Frances Lichowski is currently working as a seabed mapping specialist with NOAA Coral Reef Ecosystem Division in Honolulu, Hawai`i. Born and raised in Germany she grew up on the North Sea coast. After finishing high school she followed her fascination with the ocean and entered the Kiel University for her B.S. in Geology and M.S. (Diploma) in Marine Geology and Geophysics. Back in Kiel she worked as a research assistant and research diver for many years in the geosciences and archaeology. Away from work you will find her playing in the ocean. She loves to spend most of her time surfing, or racing sailboats and outrigger canoes.
As a Geographic Information Science (GIS) Specialist, Emily Lundblad works for the NOAA Pacific Islands Fisheries Science Center in the Coral Reef Ecosystem Division's, Pacific Island Benthic Habitat Mapping Center. While at sea (and back on shore), she assists in seafloor mapping with real time multibeam bathymetry and backscatter data acquisition, post processing, map production, and spatial analysis. Starting out with a Bachelor of Science in GIS at Texas A&
M University - Corpus Christi and growing up in Corpus Christi, a port city and beach town in one, she chose to apply her digital mapping and analysis skills to
coastal and marine environments. She pursued the degree of Master of Science in Geography with emphasis in Marine Resource Management at
Oregon State University where she developed a passion for working in and helping to sustain coral reef ecosystems. Emily has worked for NOAA for 1 1/2
years. Outside of seafloor mapping, she enjoys the outdoors of wonderful Hawai`i by dabbling in hiking, surfing, walking, beach going, kiting, and camping. She is also involved with her church's bible studies and children's ministry.
Doctoral Student, University of Hawai'i
Paulo is a doctoral student at the University of Hawai`i, Manoa, in Communication & Information Sciences, and hold a graduate certificate in Ocean Policy. His research is on Hawai`i's marine stakeholders and co-management of local marine resources. He works with the Hawai`i Networked Learning Communities, a large online teacher's community in Hawai`i, assisting in professional development for rural school teachers. As part of his HNLC work, Paulo has been helping to conduct Navigating Change teacher workshops, bringing the NW Hawaiian Islands to classrooms. He is also a docent volunteer at the Waikiki Aquarium, teaching kindergarten and elementary school children.
Ron works for the US Fish and Wildlife Service's Pacific Island Office as the Senior Geographic Information Systems/Global Positioning Systems (GIS/GPS) Specialist in the Pacific. His work includes recovery planning for endangered
species, invasive species mapping, near-shore reef mapping and analysis, incident command GIS, data integration, and teaching GIS and GPS for the National Conservation Training Center. Ron has worked for the Department of the Interior for 19 years. Ron has undergraduate degrees in Conservation and Resource Studies (CRS) and English from U.C. Berkeley, an MA in Planning from Cal Poly, Pomona and an M.S. in Applied Information Management from the University of Oregon. Ron enjoys playing music, yard work, kayaking, travel and finance.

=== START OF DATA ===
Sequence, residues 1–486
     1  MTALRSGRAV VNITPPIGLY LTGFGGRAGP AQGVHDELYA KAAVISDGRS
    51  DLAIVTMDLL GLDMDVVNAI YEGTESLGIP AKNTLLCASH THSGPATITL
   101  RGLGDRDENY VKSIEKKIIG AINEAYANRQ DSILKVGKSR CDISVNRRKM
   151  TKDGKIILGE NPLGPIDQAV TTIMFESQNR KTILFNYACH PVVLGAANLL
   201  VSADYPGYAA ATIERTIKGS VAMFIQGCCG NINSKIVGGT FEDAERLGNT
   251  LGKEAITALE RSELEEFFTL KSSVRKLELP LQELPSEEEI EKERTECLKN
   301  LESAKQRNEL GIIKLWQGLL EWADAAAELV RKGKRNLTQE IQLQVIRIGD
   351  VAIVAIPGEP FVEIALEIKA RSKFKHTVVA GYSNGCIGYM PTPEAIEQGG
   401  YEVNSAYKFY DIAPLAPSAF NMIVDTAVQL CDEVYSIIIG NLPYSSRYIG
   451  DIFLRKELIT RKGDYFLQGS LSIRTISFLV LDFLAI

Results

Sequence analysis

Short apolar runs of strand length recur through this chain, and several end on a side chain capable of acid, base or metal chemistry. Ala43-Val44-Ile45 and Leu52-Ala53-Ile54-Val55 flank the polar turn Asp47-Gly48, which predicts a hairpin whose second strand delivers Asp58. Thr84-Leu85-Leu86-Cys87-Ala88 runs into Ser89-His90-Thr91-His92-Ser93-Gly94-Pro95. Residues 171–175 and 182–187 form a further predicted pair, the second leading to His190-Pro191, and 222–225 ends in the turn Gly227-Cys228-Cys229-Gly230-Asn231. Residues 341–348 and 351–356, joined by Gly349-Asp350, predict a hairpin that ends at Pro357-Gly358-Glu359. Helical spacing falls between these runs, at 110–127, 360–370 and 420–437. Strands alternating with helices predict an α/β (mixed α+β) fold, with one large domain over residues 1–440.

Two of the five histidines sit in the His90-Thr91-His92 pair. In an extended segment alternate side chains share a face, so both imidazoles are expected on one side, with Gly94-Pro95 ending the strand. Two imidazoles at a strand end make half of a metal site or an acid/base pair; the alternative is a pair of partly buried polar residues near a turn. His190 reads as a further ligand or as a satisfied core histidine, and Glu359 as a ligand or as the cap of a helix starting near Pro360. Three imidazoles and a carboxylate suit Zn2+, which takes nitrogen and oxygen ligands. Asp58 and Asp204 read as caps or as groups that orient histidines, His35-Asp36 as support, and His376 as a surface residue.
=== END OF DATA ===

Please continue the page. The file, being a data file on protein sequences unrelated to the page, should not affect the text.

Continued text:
Robert V. Schwemmer
West Coast Regional Maritime Heritage Program Coordinator
Robert Schwemmer is the West Coast Regional Maritime Heritage Program Coordinator for NOAA's National Marine Sanctuary Program based at Channel Islands National Marine Sanctuary. He coordinates and performs archaeological investigations and research for the five National Marine Sanctuaries along the Pacific West Coast. This work includes recording and mapping submerged sites as well as the development of museum shipwreck exhibits correlating to the Channel Islands National Marine Sanctuary and Santa Barbara region. Deepwater projects include submersible work aboard Delta to perform a site assessment of the shipwreck Montebello located at a depth of 900 feet off Cambria, CA. Other expeditions include a site assessment of the shipwreck Pacbaroness located at a depth of 1460 feet off Point Conception, CA, and the recovery of the gun turret from the civil war navy ship USS Monitor off Cape Hatteras, NC. After a nineteen-year career with Warner Bros. studios, Schwemmer pursued maritime research as a consultant to Federal and State Government agencies, including private and non-profit organizations. Past projects have included systematic research in developing shipwreck assessments for the Channel Islands National Marine Sanctuary and Channel Islands National Park, and Olympic Coast National Marine Sanctuary, and Dry Tortugas National Park. Schwemmer serves on the board of directors for the Santa Barbara Maritime Museum is a charter member and current President of the Los Angeles Maritime Museum Research Society. He currently serves as Vice-President of research for the Coastal Maritime Archaeology Resources organization.